No Arbitration for Masseuse

By Andy Volin The Tenth Circuit just ruled that an arbitration agreement between a massage student and her school was not enforceable, because it would not permit the effective vindication of the student’s statutory rights. Nesbitt v. FCNH, Inc., No. 14-1502 (10th Cir. Jan. 5, 2016). The dispute involved a massage student’s claim that, when […]

Curing Cat’s-Paw

By Bill Wright In a Title VII retaliation claim, a plaintiff has to prove protected conduct was the “but-for” cause of the materially adverse action. Can a plaintiff prove “but-for” causation relying on the supposed retaliatory animus of someone other than the decision maker? Yes, but not if the decision-maker acts independently of the so-called […]

Court-Authored Settlement Agreement Might Not Suffice

By Sarah Peace It is important to proceed cautiously and meticulously even with a court-approved settlement of an employee’s claims.  In Walters v. Wal-Mart Stores, Inc., No. 11-5130 (10th Cir. Jan. 8, 2013), a plaintiff brought race, disability, gender, and age discrimination claims against his employer.  They reached a settlement agreement in a conference with […]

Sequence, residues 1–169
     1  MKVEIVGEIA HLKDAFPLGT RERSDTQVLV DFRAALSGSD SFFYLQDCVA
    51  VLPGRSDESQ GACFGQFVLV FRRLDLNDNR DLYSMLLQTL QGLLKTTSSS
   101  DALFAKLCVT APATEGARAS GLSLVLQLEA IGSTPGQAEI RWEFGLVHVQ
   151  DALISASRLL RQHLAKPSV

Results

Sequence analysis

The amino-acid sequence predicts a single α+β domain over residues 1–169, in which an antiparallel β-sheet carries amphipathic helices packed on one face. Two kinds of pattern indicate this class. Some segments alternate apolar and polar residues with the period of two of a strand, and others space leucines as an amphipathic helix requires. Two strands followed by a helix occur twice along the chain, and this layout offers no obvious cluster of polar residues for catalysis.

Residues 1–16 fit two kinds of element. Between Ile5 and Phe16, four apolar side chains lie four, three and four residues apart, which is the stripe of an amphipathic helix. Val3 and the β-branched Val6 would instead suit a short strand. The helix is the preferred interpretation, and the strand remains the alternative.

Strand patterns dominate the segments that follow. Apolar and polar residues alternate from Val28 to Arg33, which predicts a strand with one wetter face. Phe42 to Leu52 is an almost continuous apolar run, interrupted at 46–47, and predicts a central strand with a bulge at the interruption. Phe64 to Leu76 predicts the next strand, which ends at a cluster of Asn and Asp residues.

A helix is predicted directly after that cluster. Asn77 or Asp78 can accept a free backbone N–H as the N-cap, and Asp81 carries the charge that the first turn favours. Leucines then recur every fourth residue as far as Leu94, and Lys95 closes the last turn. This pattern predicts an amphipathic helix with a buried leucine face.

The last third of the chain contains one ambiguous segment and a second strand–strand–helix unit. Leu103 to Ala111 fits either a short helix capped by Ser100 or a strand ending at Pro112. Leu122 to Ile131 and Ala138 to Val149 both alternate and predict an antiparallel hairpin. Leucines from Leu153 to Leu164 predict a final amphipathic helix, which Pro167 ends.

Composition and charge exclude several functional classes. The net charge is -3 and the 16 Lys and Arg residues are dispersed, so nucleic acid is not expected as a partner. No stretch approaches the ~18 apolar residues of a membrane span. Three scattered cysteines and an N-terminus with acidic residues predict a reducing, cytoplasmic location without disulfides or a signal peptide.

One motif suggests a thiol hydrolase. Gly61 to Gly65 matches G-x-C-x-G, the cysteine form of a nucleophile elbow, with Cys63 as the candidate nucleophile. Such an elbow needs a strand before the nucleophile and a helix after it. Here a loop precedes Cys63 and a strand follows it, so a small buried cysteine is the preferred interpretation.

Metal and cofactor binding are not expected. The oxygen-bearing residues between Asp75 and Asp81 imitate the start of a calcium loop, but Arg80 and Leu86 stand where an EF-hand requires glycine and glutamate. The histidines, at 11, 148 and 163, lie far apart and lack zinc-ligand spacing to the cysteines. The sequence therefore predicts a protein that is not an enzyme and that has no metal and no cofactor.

No OT Claim Where Employee Ignored the Time Keeping System

By Ted Olsen Employers learned the value of an up-to-date time keeping system in a recent 10th Circuit decision.  Brown v. ScriptPro, LLC, No. 11-3293 (10th Cir. Nov. 27, 2012). In ScriptPro, a Customer Service Operations analyst, allegedly, got permission to work from home at night to store up hours for an upcoming leave.  When […]